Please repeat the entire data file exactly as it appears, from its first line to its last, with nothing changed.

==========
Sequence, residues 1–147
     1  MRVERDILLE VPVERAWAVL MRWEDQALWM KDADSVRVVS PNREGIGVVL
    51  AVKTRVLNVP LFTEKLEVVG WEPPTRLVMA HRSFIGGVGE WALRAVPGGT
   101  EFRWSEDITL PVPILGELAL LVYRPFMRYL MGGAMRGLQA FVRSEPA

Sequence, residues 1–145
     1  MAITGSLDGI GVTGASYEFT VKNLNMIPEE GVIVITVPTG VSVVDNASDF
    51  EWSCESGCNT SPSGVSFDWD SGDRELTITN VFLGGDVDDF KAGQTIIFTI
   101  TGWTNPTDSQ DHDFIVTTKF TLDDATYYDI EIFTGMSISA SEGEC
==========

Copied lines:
Sequence, residues 1–147
     1  MRVERDILLE VPVERAWAVL MRWEDQALWM KDADSVRVVS PNREGIGVVL
    51  AVKTRVLNVP LFTEKLEVVG WEPPTRLVMA HRSFIGGVGE WALRAVPGGT
   101  EFRWSEDITL PVPILGELAL LVYRPFMRYL MGGAMRGLQA FVRSEPA

Sequence, residues 1–145
     1  MAITGSLDGI GVTGASYEFT VKNLNMIPEE GVIVITVPTG VSVVDNASDF
    51  EWSCESGCNT SPSGVSFDWD SGDRELTITN VFLGGDVDDF KAGQTIIFTI
   101  TGWTNPTDSQ DHDFIVTTKF TLDDATYYDI EIFTGMSISA SEGEC